Victoria’s Great Ocean Road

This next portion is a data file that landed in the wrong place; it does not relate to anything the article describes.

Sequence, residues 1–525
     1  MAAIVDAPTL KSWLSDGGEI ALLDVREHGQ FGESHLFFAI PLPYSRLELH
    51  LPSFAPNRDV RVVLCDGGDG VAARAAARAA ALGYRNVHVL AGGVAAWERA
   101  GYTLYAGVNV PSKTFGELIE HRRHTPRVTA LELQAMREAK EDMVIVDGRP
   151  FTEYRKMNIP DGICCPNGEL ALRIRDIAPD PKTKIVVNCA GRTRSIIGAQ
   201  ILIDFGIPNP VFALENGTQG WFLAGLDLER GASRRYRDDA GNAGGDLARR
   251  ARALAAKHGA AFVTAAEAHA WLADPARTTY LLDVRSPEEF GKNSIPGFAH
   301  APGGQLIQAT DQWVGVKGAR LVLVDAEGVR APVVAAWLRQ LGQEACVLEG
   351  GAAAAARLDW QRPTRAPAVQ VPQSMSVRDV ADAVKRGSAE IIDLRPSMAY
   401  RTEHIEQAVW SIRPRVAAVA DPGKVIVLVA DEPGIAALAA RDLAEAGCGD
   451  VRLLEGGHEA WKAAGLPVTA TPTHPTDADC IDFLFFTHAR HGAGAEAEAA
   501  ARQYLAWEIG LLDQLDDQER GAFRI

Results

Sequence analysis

Coastal Victoria, south and west of Melbourne, was home in the late 1800s and early 1900s to many isolated farmsteads, all more or less cut off from each other and from Melbourne or regional hubs like Geelong by the ruggedness of the coastline and the lack of any good connecting road along the coast. Farmers near the coast rode north/inland, then along the main road, then back down to the coast to visit their neighbors. In the wake of World War I, in many of whose most brutal battles young men from Australia and New Zealand suffered extremely heavy losses on the front lines struggling to defend British-controlled positions (non-Aussie/Kiwis who haven’t seen the great movie Gallipoli should absolutely rent it to learn more of this aspect of history), there were strong feelings that the returning soldiers deserved both honor and jobs in a newly down global economy (we’re talking about the 1920s, not 2009), and that a good coastal road in Victoria would stimulate the local economy by increasing regional tourism and developing more interconnection between coastal farms. A private initiative was formed to provide the jobs only to returning veterans and build the Great Ocean Road both in honor and in support of those veterans of what was then still simply The Great War. In the 1930s the road was acquired by the government and stopped being a private toll road, and now it’s one of the key tourist attractions in Victoria, with views and drive-feel rather similar to California Highway 1 through the Big Sur coastline. On my day’s bus trip along this route, I saw koalas in the trees, a koala running by the side of the road at high noon (no joke — poor thing must have been very freaked out), and a lot of gorgeous coastal views.